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Plan Well, Retire Well

Saving and investing your money

Budgeting and Tracking Expenses: Give It a Try


Budgeting. Tracking expenses. Sounds about as exciting as doing laundry. But I track expenses and do a budget because they give me the data to answer tough questions and make good financial decisions, such as:

  • Could we survive on one income if my husband or I got laid off?
  • If we put new flooring and counter tops in the kitchen, where will the money come from?
  • How much did it cost me to drive my nine-year-old car last year?
  • How much of our income is unaccounted for? In other words, I do not know where it went?
  • How much did we save last year?

It's always good to have a budget, to know how much you spend and bring in. But there are times in your life when it's more important than others. Anytime you go through a major life change, your expenses or your income (or both) are going to change. If one of these life events has happened to you recently – or if you think it might happen in the near future – this is a good time to get serious about keeping track of where your money goes:

  • Marriage or divorce
  • Having a child
  • A child starting college
  • Moving
  • Changing jobs
  • Retiring
  • Caring for an elderly parent
  • Deciding that you will get your finances on track

There are lots of different ways to go about tracking your expenses. In my opinion, the most important thing is that you do it, not what tool you use. Here are some ideas.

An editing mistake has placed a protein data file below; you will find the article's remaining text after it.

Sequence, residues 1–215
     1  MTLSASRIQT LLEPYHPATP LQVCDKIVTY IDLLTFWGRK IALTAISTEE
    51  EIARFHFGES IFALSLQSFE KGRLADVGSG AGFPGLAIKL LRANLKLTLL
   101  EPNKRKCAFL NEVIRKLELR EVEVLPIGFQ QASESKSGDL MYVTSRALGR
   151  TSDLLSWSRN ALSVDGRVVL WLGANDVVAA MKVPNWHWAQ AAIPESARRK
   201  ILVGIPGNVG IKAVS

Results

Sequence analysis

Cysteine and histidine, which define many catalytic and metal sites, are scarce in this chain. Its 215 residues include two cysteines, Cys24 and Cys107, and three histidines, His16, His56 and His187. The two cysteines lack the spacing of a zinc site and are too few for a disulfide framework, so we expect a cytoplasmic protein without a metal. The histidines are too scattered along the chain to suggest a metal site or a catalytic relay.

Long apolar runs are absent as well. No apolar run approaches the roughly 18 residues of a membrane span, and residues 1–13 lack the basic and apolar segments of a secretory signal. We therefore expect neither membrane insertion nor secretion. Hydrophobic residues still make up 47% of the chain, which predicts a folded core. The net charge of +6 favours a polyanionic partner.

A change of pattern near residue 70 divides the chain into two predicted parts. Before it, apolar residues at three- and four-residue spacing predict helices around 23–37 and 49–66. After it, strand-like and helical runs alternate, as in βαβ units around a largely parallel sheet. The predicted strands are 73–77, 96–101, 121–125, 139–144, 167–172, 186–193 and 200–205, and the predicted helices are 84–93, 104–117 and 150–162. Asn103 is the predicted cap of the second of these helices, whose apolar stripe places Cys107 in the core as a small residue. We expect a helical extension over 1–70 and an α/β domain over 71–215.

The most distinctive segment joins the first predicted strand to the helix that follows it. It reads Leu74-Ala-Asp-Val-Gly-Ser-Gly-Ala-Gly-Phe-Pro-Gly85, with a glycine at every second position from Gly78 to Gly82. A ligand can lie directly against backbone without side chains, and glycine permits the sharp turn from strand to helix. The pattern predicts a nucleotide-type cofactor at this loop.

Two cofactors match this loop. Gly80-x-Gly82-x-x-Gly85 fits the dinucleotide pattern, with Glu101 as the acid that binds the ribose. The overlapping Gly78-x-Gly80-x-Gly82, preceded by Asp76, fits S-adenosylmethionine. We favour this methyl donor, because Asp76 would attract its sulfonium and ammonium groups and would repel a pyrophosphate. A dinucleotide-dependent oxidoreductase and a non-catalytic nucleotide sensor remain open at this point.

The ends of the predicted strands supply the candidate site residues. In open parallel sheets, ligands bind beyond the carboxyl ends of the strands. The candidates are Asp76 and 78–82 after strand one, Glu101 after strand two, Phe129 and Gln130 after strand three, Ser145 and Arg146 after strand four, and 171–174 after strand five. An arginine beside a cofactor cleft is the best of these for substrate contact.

• Save all your receipts and paid bills. Collect them in an envelope or box. Write the category at the top of the receipt (i.e, food, entertainment, gas). Once a week, add up the expenses in each category.
  • Carry a small notebook in your pocket or purse and write down everything you spend. Tally it up once a week.
  • Use a checkbook register; draw extra columns in it so that you have a column for each major spending category. Give yourself a budget for the week or month in the first line. Then record and subtract each expense to keep a running total of how much you have left in each category.
  • Use an online program or software on your computer to download transactions from your checking account and credit cards. Manually enter expenses paid by cash. Categorize your expenses. Generate an expense report and let the program do the math for you.

You might try one method and decide it just doesn't work for you. That's OK. Maybe you can adapt it so it works better for you. Switch to another technique. Or try one method for cash expenses and another for things you pay by debit or credit card. You may not track your expenses forever, but doing it for a few months will give you a good sense of what's going on. When another life event strikes, you can do it again.

There's an old saying that knowledge is power. Knowing where your money goes can give you the power to reach your goals and to change your habits. It's definitely worth a try.



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